Teens who self-weigh report feelings of depression, low self-esteem, and other weight concerns, making them more vulnerable to eating disorders, a new study in Journal of Nutrition Education and Behavior says.
According to its principal author Carly Pacanowski, PhD, RD, from University of Minnesota, female teens who participated in the study and had strongly agreed that they had self-weighed have more than 75% increased chance of engaging in behaviors and activities that promote dangerous weight control.
The study is part of a larger longitudinal project called Project Eat, which keeps track of the eating and activities teen and young adult participants engaged in over a period of 10 years. At least 1,500 young men and women were included in the study, of which over 55% of them were females.
The project then asked the participants to report their self-weighing methods, and from the data, the researchers were able to establish links between the changes of their weight, behavior, or mental health and self-weighing.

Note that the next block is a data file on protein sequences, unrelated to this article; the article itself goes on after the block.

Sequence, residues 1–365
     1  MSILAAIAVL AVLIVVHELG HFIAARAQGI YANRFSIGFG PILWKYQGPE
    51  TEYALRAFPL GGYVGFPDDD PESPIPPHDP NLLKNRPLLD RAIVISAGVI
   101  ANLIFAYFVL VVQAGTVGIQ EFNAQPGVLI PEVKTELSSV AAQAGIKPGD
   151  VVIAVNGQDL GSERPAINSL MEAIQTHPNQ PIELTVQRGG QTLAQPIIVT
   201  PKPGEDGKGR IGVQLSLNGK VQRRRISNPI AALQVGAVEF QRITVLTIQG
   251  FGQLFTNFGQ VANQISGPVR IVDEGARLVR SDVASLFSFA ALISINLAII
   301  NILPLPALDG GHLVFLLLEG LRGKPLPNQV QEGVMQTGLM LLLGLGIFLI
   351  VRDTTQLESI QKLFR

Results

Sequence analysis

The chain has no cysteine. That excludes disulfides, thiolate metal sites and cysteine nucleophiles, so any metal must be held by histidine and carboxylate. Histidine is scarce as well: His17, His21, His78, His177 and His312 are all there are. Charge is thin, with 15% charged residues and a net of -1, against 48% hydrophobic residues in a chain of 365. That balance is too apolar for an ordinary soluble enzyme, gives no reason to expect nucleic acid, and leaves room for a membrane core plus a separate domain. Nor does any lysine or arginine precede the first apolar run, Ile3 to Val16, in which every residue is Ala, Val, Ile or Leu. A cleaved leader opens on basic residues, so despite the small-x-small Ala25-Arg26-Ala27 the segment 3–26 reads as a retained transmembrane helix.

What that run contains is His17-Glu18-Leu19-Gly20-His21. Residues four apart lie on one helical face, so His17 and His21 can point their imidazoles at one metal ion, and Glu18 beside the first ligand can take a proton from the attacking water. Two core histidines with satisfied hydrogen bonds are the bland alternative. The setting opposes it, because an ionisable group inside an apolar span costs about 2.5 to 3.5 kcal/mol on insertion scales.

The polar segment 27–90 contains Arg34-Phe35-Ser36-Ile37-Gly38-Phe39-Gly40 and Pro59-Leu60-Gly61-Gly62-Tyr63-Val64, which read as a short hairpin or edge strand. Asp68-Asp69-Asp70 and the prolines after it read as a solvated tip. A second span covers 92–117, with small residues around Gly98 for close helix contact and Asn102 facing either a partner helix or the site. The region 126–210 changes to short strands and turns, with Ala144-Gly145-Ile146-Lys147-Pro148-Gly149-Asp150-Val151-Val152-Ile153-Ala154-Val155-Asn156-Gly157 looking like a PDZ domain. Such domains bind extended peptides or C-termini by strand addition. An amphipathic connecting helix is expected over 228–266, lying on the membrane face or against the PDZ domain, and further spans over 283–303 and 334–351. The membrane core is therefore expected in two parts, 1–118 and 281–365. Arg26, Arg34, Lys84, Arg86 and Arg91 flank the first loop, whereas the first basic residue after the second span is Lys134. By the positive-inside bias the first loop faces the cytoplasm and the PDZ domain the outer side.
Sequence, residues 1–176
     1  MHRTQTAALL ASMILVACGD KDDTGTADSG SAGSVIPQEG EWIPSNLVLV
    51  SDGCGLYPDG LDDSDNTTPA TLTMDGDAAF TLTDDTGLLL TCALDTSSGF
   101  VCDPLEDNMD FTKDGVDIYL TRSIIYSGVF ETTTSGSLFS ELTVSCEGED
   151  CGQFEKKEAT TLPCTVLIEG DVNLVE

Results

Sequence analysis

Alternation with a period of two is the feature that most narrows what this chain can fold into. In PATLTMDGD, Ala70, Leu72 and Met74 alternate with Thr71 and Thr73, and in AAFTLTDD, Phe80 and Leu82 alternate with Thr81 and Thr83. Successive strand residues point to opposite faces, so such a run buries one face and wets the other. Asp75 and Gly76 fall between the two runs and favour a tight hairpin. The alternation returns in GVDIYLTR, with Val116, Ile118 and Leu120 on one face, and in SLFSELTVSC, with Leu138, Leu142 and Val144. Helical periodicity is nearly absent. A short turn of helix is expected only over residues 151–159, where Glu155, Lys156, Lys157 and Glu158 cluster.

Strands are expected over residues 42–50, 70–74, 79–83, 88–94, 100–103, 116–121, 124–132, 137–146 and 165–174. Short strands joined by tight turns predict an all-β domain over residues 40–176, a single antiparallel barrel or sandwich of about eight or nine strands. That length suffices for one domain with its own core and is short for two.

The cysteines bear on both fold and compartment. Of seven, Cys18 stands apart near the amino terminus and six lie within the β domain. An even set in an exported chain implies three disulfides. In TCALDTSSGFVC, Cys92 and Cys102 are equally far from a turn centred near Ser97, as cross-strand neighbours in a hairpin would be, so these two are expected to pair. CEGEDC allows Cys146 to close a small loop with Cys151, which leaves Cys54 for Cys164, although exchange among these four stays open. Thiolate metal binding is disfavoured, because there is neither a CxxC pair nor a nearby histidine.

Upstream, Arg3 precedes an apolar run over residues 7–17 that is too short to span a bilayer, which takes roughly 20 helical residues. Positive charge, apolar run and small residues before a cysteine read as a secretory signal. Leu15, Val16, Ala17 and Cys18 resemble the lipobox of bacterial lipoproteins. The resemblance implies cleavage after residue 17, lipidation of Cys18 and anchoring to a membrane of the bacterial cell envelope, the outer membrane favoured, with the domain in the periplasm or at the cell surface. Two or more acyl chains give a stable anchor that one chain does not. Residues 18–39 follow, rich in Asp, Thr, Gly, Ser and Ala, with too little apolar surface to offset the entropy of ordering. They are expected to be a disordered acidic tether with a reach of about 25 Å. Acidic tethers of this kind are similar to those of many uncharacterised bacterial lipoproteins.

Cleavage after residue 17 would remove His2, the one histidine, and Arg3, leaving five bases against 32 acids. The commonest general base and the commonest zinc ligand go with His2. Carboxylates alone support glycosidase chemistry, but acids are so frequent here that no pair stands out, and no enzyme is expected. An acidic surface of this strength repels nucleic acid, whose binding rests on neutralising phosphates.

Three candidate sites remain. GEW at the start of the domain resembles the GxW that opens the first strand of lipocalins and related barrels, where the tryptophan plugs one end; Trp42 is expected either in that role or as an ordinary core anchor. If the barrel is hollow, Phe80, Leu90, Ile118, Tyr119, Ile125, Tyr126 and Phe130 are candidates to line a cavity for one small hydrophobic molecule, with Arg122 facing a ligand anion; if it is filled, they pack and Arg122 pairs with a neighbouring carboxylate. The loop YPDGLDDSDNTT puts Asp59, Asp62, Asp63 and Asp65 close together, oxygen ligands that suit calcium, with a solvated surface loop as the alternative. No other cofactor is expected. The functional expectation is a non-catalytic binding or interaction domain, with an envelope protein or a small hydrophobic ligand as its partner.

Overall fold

Childhood and teen obesity is a growing concern especially in the United States. According to Centers for Disease Control and Prevention (CDC), more than 30% of teens and children in the country can be considered either overweight or obese as of 2012. Obese youth, on the other hand, are at a higher risk of developing cardiovascular disease, diabetes, and joint and bone problems early than those who are of normal weight.
However, based on the study's results, teen concerns about their weight can also be detrimental as it may only encourage poor body image, which may then lead to eating disorders such as anorexia. In a study published in National Eating Disorders Association, which was conducted among 10,000 teens between the ages of 13 and 18, certain eating disorders are associated with either suicide attempts or complete suicide. Meanwhile, women from 15 to 24 years old who will be diagnosed with anorexia nervosa have a mortality rate that is ten times higher than that of other possible causes of death.
Pacanowski recommends that health providers ask teen patients if they are self-weighing so they can closely monitor behavioral outcomes.